Broader-band: CenturyLink acquires Qwest

news-centurylink-bldgCenturyLink headquarters for Virginia are on West Main Street.

It seems like just last year that CenturyTel acquired Embarq and started repainting those utility trucks with a CenturyLink logo. Wait, it wasn't even a year ago, and now, the Monroe, Louisiana-based company has added another telco to its belt, this one Qwest Communications with its beefy fiber-optics network.

"The nice thing I can say is we're the acquirer and won't have to change our name," says Rondi Furgason, CenturyLink VP and general manager for Virginia, who is headquartered in the old Centel/Sprint/Embarq building on West Main.

In the $10.6 billion stock-swap deal, CenturyLink takes a 50.5 percent majority ownership. The combined landline companies will operate in 37 states with 17 million access lines, 5 million broadband customers, 1.4 million video subscribers and 850,000 wireless consumers.

The latter will come from Qwest, because Embarq/CenturyLink ditched its wireless customers last year. The newer, bigger company will continue to train its sights on broadband and landlines.

"We believe broadband is the product of the future, and we're extremely focused on deploying broadband," says Furgason.

And as retro as landlines may seem to some cellphone-only or digital-cable telephone users, CenturyLink is not giving up on that market.

"I still think so many people want landlines," says Furgason, especially those with children, multiple bedrooms, and babysitters. "It is a relevant product during some life cycles."

She notes that over the winter, a lot of people with home phones through their cable had no service when the power went out. Nor did cellphone chargers work when electricity was absent.

Charlottesville-area CenturyLink residential customers won't see any changes with the merger because Quest doesn't operate east of the Mississippi, says Furgason.

What they may notice is that the phone company is moving to CenturyTel's more local and regional management model, says Furgason. Hence, a vice president in Charlottesville makes decisions on operations here rather than one in Overland Park, Kansas, where Embarq was headquartered.

And Denver-based Qwest brings a colorful history to the merger. The company was founded in 1996 by Southern Pacific Railroad owner Philip Anshutz, who installed fiber-optic cable along the railroad's rights-of-way. When Southern Pacific merged with Union Pacific in 1998, Anshutz added cable to those rail lines as well. Qwest also had a nationwide contract to lay fiber optics along railroads for MCI, and Anshutz laid his own company's lines at the same time.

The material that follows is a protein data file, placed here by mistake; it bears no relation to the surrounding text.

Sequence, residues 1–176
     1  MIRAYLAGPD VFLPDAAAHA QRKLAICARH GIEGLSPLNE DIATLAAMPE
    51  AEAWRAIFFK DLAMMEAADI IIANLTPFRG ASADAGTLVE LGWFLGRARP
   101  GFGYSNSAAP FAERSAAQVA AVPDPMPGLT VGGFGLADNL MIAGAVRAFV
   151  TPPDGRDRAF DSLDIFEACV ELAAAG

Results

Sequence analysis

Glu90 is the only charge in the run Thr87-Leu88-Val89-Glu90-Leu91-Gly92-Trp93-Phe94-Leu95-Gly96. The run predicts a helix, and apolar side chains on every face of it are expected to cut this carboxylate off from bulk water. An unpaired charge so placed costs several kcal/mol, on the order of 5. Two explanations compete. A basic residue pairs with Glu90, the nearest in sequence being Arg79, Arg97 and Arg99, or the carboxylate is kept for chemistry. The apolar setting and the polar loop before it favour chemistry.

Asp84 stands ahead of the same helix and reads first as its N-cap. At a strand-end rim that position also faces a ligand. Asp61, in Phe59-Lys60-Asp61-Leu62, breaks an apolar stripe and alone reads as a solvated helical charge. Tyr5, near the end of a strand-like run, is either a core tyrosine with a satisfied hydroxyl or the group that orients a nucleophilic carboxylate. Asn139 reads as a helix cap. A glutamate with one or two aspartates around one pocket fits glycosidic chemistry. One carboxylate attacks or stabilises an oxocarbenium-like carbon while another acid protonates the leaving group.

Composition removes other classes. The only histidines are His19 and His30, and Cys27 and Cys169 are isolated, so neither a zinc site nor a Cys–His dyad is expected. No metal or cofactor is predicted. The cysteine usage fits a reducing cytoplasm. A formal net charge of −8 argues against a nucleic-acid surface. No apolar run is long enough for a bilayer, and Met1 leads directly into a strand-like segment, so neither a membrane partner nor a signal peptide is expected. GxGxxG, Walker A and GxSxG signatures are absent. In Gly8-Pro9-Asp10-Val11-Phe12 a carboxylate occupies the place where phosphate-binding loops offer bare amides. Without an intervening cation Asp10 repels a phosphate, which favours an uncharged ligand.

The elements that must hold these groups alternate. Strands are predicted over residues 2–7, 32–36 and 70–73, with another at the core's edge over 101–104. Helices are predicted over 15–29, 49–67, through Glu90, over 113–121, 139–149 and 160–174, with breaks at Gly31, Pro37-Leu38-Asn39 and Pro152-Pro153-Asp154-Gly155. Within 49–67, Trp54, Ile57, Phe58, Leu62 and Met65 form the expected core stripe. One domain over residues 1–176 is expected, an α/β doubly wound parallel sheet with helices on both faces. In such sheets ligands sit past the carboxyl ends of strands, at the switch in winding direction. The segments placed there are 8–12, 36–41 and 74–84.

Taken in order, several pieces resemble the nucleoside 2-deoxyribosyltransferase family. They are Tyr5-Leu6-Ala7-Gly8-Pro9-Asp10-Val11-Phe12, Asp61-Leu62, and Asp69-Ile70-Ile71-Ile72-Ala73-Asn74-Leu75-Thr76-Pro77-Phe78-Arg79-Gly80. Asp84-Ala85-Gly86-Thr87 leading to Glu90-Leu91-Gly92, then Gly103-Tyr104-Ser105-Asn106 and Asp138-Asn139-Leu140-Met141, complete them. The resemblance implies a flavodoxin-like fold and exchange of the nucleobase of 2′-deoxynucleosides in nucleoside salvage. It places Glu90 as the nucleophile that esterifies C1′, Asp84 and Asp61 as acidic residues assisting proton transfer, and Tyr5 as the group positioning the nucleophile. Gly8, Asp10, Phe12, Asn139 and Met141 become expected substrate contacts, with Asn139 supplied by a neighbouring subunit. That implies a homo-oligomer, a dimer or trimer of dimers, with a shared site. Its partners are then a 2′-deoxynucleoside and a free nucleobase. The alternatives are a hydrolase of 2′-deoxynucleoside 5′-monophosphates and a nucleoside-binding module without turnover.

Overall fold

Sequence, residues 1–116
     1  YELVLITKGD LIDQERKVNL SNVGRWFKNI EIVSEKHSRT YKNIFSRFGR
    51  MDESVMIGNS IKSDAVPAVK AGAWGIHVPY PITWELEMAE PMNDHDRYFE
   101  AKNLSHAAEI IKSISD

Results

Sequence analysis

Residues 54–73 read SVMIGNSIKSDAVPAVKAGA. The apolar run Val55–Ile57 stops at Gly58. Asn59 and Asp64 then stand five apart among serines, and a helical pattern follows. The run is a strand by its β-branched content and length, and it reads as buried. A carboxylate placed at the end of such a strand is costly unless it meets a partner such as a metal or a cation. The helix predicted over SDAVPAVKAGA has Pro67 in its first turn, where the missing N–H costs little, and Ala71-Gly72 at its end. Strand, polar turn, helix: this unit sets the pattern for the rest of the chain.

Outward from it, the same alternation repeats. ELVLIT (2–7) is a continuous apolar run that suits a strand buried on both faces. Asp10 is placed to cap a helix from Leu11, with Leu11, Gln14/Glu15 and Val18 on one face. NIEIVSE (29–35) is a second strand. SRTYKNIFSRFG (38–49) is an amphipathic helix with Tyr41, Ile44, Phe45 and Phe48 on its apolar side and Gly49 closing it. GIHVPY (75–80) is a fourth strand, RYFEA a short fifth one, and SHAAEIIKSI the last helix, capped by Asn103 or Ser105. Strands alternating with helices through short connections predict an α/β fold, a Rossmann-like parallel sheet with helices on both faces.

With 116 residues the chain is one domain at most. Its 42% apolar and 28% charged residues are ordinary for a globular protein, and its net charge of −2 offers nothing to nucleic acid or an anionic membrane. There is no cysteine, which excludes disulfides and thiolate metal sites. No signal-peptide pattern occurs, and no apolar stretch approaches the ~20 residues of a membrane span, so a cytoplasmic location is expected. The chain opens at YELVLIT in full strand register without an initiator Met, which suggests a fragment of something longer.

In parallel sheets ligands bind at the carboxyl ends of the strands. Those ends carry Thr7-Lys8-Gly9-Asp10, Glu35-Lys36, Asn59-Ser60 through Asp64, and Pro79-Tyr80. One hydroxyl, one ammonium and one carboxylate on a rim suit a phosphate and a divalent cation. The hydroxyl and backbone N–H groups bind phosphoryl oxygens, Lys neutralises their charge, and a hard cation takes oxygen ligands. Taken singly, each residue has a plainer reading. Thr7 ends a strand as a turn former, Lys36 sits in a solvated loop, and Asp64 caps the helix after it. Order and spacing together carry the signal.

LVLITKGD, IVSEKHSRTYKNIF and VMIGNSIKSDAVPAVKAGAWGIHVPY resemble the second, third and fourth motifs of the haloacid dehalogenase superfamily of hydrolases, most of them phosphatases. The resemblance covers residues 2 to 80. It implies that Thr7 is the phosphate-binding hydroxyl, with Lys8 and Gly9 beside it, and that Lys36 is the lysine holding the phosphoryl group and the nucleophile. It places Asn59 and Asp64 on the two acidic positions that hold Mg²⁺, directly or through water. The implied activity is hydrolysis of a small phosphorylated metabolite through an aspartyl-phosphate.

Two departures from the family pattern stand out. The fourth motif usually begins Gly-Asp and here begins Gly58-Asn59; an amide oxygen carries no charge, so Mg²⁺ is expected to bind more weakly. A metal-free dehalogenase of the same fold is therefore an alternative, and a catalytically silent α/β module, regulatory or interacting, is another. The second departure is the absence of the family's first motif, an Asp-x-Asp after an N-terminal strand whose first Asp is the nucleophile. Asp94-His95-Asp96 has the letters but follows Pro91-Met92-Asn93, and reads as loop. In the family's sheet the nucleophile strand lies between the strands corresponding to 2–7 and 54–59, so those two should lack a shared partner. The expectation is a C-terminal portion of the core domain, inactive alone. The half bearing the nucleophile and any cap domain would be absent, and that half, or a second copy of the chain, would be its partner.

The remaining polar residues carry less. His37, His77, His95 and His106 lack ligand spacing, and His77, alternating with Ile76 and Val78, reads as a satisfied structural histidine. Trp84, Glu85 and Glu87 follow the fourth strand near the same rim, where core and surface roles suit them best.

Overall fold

Qwest made national news in 2006 when–- unlike AT&T, Verizon, and BellSouth–- it refused to turn over customer phone records to the National Security Agency. A federal judge ruled the domestic eavesdropping program unconstitutional that same year and ordered it stopped.

A less proud chapter was the debacle surrounding former Qwest CEO Joseph Nacchio. In 2007, after allegedly manipulating the stock price, he was convicted of 19 counts of insider trading and sentenced to six years in federal prison and ordered to pay a $19 million fine.

The CenturyLink/Qwest merger is expected to be completed by the middle of 2011.

Updated 1:05pm Overland Park corrected.

Read more on: centurylinkembarqquest


Qwest is considered a bad name. Anyway, the name here won't be changing. Interestingly, Sprint and Qwest are both Tier 1 internet, so we're back on the mainline. Except none of the mainlines go through here! There is a faint faint chance of fiber to the house, and a less faint chance of super DSL (about 30Mbits), since Qwest has been known to invest in that.

Worst case, we are looking at a FairPoint Communications situation. People in the know in a telecom giant spin off all the profitable sections, such as cellular and business, and leave the hulking mess of a largely rural, consumer landline phone comapany to die. It went from part of Verizon to bankruptcy in about 13 short months:

All the people at the top have to do is manage their own personal stock portfolios smartly, and pretend to be acting in the interest of the company. Read it and weep.

Has anyone ever figured out how much these name changes cost the consumer (yes I gathered no imminent change this time)? Vepco cum Virginia Power cum Dominion Power, etc. Each time it's a fleet painting, new letterheads and who knows what else has to be changed, with zero increase in service or productivity.

Bring that fiber optic net this way quick or Google might beat you to it!

Does this mean that something other than dial-up will be available out in the hinterlands? I know satellite's an option, but it's expensive and clunky.

Embarq was headquartered in Overland Park, KS, not just "Overland", KS.

I don't care if it's Fiber or what, just faster ;)

It has to cost hundreds of millions. Everything has to be changed; every sign, every truck, every letterhead, business cards. If I was an investor I'd be complaining.